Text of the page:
Cho’s found her way to sobriety—and Westbeth—and is now so controlled that I hear she recently cut a dissing of ex-boyfriend Chris Isaak from the show. Cho used to reveal that Isaak once pointed to a photo of her in People and said, “You shouldn’t let them run pictures like that. You look fat.” She later realized how angry she should have been at Isaak’s demeaning attitude—which I’m sure he’ll cop to in his Behind the Music next year.

For those in the market for necessary head—or talk thereof—Details dish Anka Radakovich is getting her own MTV show, replacing the canceled Loveline. There’s also lots of gonadal discussion going on in Fire Island, per usual, but the real fun there last week was Karen Finley (who I hear may play Michael Alig‘s mother in the movie about the club-kid killer) saying she looks really good in Playboy and the publicist for the ill-fated musical The Civil War, when asked what he’s working on, deadpanning, “A tan.”

But the ferry came back and the fairy still wanted a good time, goddammit. Bizarrely, the last-chance saloon turned out to be Christina’s Country Kitchen, an adorable if mildly alienating 24-hour place on Tenth Avenue in the 30s that feels like it’s not in New York at all. Christina’s is fronted by a gigantic water wheel, which provides a refreshing mist for the outdoor café area and also serves as a nifty reminder that you should play miniature golf sometime soon. The menu emphasizes waffles and omelettes, served by a dazed-looking waiter—perhaps extra-stymied by the fact that customers actually showed up! Right next door is Gold Rush, another themey place fit for the Pennsylvania countryside, this one with a giant covered wagon as its “What were they thinking?” outdoor emblem. Unfortunately, there’s little rush for Rush; on the Saturday night I looked in, it was as empty as Christina’s, prompting one to wonder how two places could have been constructed just for me, without anyone telling me about them.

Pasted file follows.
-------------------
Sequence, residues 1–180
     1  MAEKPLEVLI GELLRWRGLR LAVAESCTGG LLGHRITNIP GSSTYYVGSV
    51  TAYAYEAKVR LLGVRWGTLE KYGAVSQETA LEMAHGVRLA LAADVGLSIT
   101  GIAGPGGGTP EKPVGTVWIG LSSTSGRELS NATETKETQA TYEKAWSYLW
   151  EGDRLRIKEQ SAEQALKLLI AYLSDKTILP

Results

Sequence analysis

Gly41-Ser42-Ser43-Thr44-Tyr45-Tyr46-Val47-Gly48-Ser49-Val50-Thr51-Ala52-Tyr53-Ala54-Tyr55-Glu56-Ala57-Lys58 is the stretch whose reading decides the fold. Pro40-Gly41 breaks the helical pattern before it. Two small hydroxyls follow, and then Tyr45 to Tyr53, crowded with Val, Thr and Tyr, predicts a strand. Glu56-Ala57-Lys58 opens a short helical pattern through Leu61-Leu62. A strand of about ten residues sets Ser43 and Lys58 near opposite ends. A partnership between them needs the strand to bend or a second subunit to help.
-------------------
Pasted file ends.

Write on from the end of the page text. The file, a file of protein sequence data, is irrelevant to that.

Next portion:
More importantly, why is The Golden Girls only on twice a night?